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Summary: This sermon looks at why we grater for worship, Bible study and fellowship each week

Gather

There’s a small-town church in upstate New York who had the same priest for over 35 years. He was loved by the church and the community. After he retired, he was replaced by a young priest just out of seminary who had a great desire to do well. After several weeks, he began to perceive that the people were upset at him. He was troubled. Eventually he called aside one of the lay leaders of the church and said, "I don’t know what it is, but I have a feeling that there’s something wrong." The man said, "Well, Father, that’s true. I hate to say it, but it’s the way you do Communion." "The way I do Communion? What do you mean?" "Well, it’s not so much what you do as what you leave out." "I don’t think I leave out anything from the Communion service." "Oh yes, you do. Our previous priest just before he administered the communion elements to the people would always go over and touch the radiator. "Touch the radiator? I never heard of that liturgical tradition." So the younger priest called his predecessor and said, "I haven’t even been here a month, and I’m in trouble." "In trouble? Why?" "Well, it’s something to do with touching the radiator. Could that be possible? Did you do that?" "Oh yes, I did. Before I administered the elements, I always touched the radiator to discharge the static electricity so I wouldn’t shock them." For over 35 years, the people of his congregation had thought that was a part of Holy Communion ritual. That’s the way it is with traditions. They get started, and people do them but somewhere along the way they lose their understanding of why.

It’s one thing to do something, but it is quite another thing to know why it matters. That’s the power of asking, ‘Why?’ In the church, we often do things because we’ve always done them but we never ask, “Why?” And sometimes, we end up doing things without ever knowing the reason. That’s the purpose of this series, “CSI: Church.” We’re going to examine what we do and why we do it. The hope is to put a fresh meaning and perspective on a lot of the things we regularly do and take for granted.

One of the first activities of the early church we see in the Book of Acts is gathering. Acts 1:14 says, “They all joined together constantly in prayer.” Acts 2:1 says, “When the day of Pentecost came, they were all together in one place.” The end of chapter 2 says, “Every day they continued to meet together in the temple courts.” The first couple of chapters are saturated with descriptions of the communal nature of the first Jesus followers. From the very beginning, we see that the church was in the habit of gathering together but why?

Have you ever wondered why you get up early on Sunday morning rather than sleep in, all to meet with a bunch of people who believe that a 33-year-old Rabbi came back from the dead? I’ve asked that question more than once. That reminds me of the story of the guy whose alarm went off on Sunday morning and he hit the snooze button, rolled over and went back to sleep. It went off a second time and he hit the snooze button again but his wife told him to get up. She went to the kitchen to make coffee. When she came back, he was still in bed, covers over his head and asleep. She yelled at him to get up. “I don’t feel like it today.” I don’t care what you feel like, you’re going to get up and go to church. “But I’m tired. Just let me sleep.” The wife pulled the sheets off him and said, “I don’t care what you feel like or how tired you are, you’re the Pastor of the church and you’re going to get up and go to church!” Why do we gather?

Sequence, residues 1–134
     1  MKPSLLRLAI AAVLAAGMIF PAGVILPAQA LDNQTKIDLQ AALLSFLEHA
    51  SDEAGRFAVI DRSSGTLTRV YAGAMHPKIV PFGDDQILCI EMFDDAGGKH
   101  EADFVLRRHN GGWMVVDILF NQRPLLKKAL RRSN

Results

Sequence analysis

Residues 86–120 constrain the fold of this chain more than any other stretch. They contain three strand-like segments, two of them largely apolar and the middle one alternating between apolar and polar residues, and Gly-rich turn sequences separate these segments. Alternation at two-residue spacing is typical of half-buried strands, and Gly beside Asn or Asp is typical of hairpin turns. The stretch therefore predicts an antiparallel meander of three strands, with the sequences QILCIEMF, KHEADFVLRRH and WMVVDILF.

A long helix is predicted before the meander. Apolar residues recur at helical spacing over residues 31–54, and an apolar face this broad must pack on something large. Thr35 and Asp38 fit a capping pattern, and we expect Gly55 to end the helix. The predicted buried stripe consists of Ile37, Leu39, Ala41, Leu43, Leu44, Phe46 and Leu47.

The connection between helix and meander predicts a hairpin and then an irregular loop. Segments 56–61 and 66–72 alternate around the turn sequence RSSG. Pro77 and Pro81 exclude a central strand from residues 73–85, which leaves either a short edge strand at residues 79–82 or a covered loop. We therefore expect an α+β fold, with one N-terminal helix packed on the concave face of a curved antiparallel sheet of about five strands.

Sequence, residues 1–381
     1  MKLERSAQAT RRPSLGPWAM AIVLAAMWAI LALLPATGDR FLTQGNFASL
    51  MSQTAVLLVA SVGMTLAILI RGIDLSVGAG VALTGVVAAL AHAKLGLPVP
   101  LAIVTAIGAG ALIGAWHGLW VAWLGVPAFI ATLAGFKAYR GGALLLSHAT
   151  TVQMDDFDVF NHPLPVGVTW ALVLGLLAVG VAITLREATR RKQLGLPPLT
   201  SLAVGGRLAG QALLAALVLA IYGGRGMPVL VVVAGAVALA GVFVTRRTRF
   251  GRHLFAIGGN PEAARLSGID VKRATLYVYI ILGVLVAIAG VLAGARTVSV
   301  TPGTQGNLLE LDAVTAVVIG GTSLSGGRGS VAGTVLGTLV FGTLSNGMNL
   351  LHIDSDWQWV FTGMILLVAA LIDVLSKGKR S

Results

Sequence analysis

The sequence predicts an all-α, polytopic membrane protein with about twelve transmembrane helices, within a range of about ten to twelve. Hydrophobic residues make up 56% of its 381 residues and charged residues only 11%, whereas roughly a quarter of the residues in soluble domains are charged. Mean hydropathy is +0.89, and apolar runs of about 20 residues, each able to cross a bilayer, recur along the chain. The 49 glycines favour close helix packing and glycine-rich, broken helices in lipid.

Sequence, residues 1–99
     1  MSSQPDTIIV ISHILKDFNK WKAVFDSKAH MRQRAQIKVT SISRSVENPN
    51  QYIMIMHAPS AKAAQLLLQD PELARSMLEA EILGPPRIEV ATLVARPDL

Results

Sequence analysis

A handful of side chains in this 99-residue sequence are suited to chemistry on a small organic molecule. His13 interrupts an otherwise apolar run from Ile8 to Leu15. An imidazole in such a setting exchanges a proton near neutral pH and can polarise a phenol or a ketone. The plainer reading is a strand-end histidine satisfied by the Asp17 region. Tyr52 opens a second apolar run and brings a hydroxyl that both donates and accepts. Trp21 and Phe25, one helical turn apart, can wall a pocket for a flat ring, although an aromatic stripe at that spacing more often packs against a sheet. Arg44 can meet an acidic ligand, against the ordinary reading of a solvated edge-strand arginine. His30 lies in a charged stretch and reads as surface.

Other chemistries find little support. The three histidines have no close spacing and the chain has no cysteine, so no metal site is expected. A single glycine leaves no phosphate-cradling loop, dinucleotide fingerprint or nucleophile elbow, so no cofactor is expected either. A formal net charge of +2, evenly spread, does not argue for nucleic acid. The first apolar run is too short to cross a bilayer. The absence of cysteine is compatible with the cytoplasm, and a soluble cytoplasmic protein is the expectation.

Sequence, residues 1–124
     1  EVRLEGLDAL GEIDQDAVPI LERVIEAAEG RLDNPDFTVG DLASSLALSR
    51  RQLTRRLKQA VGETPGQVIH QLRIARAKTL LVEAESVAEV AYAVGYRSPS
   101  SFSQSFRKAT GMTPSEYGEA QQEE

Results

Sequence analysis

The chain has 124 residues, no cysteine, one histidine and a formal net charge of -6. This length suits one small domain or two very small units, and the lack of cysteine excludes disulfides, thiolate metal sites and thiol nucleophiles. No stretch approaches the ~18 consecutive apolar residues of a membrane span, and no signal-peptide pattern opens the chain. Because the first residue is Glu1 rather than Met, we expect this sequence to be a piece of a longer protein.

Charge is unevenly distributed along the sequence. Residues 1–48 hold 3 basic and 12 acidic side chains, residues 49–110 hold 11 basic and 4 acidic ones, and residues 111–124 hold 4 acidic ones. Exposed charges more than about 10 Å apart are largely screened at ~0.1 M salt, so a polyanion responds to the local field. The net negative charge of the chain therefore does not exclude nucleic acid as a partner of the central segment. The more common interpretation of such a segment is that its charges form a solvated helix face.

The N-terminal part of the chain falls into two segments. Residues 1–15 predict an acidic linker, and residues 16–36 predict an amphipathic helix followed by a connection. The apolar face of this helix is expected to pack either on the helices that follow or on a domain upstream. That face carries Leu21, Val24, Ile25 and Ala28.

First, when we gather, we’re part of something bigger than ourselves. So often when we think about someone coming to Christ, we make it an individual decision and endeavor. That understanding of salvation has led many people to say, “You know, I need Jesus, but I just don’t need the church.” Here’s the thing: salvation isn’t just about making a personal decision. It starts there, but it’s so much more. Salvation is about becoming like Jesus and participating in God’s plan of salvation for the world. The point of the church is to share with the world the news that Jesus is Lord, and he is ushering in the Kingdom of God, of which we get to be a part. That is why we gather, to be reminded that we are a part of something bigger than ourselves. We long for that, don’t we? We all want to be a part of something bigger, something that reaches beyond us, something that is going to make a radical difference in the world and the lives of people, something that will continue after we are gone. We all want to be a part of something that matters and is making a difference. The church matters. The world is a broken place and in need of the church. As Bill Hybels says, “The church is hope of the world.” Nothing else embodies Christ. Nothing else has the power of God through the Holy Spirit. And nothing else is meant to be God’s instrument of love and salvation for the world.

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